Jeff Eubank
A Street Called Straight
Drag City

If it were 20 years ago, digging through the sale stacks and cut-out bins, it wouldn’t have been unusual to pass over a number of records that looked, smelled, and likely sounded identical to Jeff Eubank’s A Street Called Straight. Bad cover art, with a snapshot of a bohemian white folksman either mugging cocksure or contemplating vulnerably, private pressed in small batches and promptly given away or crammed into a dream-killing closet—A Street Called Straight in presentation alone would not pass the test. It was just another “boner” record (a term, I’ve learned, defines this type of album from the late ’70s and early ’80s) among a pile of equally unapproachable “took out a second mortgage for studio time” schlock. Even a casual listen, though, would have revealed there was a brief splash of genius embedded in the standard soft-rock trappings of the 1983 album, which would be Eubank’s only recorded work.

His story is per usual the singer-songwriters who had lost their way after ingesting what barbiturates were left from an era when Steely Dan and Fleetwood Mac still ruled the earth. Eubank immigrated to the air-conditioned, coke-infested, narcissism of post-boom Los Angeles and quickly found himself struggling as a covers man in dimly lit lounges. Not exactly thriving as the next Christopher Cross or Gerry Rafferty that he’d longed to become. Moving back to Kansas City was, at least for the sonic sake of this record, a blessing in disguise. By giving ample time for craft, what appears as an album filled with the forgotten cliches (new age lyrics, flute solos, phased acoustic guitars) of similar songwriters is actually a dark ambitious gem, brimming with invention and a freak stroke befitting other finds like Pisces or, better yet, Bobb Trimble.

A Street Called Straight is slick to the point of off-putting creaminess, and there’s little doubt on a track like “Summersong” that Eubank was heavy for Seals and Croft. Full of self-harmonized meadow-folk, Eubank was also high on the solo careers of mostly Crosby and Stills, not so much Nash and Young, as evidenced in “No Need For the Ground” and “To Make a Way,” but that was a given for the time. Where the record excels is on the songs Eubank claims “came from the ether,” not any kind of conscious songwriting. The completely leftfield synth and space sing-a-long of “Earthen Children” or Genesis by way of Gordon Lightfoot epic “Kamikaze Pilot” are companions in Eubank’s marriage of traditional exercises and slightly psychotic visions. Aliens, Mother Nature, the ambiguous power of love and adolescent daydreams all find sponsor in Eubank’s muse. Of course, the metaphysical voyage Eubank committed to his one and only masterpiece of lite psych would never escape Kansas City. Adulthood crept in even more profoundly than previously for Eubank, and the dream was gone. Perhaps it’s for the better that we’ve discovered it now, as in 1983 it may have been received with quizzical rejections. Too insular and shape-shifting for the squares, too awkward and inspirational for the heads, but priceless nonetheless.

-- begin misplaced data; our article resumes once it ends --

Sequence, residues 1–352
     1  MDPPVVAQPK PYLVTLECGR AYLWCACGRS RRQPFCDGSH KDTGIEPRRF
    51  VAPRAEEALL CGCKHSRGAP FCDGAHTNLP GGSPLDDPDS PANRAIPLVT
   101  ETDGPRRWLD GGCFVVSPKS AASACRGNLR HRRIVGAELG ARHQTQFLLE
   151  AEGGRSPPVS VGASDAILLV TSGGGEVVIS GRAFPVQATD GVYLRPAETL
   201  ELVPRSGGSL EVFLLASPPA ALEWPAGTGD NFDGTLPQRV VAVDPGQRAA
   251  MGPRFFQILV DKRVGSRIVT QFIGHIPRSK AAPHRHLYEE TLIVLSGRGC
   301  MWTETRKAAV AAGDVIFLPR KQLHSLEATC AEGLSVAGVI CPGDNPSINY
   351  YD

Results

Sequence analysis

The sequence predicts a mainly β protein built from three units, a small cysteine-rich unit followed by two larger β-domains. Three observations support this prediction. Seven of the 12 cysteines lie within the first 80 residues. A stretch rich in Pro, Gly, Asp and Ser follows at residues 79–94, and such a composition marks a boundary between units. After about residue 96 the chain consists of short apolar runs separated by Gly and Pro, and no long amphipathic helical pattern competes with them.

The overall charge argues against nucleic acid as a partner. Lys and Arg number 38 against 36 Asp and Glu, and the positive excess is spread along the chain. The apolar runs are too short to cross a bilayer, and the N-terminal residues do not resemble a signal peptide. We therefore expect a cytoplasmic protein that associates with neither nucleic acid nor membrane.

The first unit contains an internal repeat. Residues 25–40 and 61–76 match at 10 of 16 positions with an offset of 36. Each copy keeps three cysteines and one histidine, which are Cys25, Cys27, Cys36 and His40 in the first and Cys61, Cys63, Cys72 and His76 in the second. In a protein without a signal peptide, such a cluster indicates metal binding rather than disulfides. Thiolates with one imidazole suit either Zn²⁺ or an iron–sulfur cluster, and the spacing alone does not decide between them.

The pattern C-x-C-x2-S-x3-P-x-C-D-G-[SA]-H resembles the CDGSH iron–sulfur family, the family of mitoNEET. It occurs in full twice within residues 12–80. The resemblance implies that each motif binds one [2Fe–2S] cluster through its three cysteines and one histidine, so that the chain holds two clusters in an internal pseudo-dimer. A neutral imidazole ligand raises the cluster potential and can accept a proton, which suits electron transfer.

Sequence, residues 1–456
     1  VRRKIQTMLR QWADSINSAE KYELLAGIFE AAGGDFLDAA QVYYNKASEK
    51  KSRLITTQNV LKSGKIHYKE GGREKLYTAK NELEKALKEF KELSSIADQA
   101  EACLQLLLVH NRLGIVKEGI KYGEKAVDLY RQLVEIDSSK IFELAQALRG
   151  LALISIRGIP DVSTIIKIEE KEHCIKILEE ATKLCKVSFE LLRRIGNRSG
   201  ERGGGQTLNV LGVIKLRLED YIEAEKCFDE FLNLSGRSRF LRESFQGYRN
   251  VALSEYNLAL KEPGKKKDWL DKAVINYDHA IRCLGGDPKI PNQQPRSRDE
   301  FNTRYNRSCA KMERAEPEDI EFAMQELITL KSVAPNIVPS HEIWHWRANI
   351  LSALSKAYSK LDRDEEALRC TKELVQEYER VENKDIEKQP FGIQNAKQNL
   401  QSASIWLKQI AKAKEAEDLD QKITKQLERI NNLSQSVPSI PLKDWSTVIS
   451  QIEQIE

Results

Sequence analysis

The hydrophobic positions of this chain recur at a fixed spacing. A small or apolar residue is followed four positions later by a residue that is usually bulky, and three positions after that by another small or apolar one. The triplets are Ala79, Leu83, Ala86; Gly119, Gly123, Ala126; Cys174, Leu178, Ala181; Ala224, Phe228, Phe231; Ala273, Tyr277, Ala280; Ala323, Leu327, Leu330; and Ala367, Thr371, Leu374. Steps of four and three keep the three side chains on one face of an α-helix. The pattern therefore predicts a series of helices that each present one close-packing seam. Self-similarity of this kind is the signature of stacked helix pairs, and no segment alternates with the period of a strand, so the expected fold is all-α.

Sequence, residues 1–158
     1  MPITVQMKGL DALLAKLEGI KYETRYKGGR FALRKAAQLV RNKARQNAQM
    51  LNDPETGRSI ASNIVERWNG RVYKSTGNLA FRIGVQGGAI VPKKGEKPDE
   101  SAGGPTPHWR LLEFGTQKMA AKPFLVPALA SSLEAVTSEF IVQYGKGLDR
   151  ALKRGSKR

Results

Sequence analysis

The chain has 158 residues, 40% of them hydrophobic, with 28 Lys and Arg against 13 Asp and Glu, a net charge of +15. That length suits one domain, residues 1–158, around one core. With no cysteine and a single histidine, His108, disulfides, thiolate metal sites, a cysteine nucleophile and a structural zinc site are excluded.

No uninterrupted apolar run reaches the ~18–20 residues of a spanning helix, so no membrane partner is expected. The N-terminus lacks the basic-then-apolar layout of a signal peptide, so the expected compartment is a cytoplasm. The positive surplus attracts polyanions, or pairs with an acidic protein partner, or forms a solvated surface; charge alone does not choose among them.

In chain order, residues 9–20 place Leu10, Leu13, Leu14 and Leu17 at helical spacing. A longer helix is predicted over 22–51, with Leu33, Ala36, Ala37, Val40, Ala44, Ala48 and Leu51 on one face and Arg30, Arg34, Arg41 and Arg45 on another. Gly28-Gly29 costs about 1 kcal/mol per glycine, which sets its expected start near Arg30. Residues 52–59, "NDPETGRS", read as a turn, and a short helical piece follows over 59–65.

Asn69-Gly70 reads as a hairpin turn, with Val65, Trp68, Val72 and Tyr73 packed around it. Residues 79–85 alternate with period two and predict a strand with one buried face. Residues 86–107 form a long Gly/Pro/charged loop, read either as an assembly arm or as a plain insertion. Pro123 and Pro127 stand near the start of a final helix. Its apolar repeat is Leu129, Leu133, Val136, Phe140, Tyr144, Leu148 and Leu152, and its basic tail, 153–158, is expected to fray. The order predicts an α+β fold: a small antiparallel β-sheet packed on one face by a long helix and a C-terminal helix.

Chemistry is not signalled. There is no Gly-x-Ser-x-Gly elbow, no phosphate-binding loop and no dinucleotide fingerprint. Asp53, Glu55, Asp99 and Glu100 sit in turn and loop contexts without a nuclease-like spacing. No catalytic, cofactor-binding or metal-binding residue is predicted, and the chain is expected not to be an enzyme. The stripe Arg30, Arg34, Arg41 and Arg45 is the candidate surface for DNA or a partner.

Kevin J. Elliott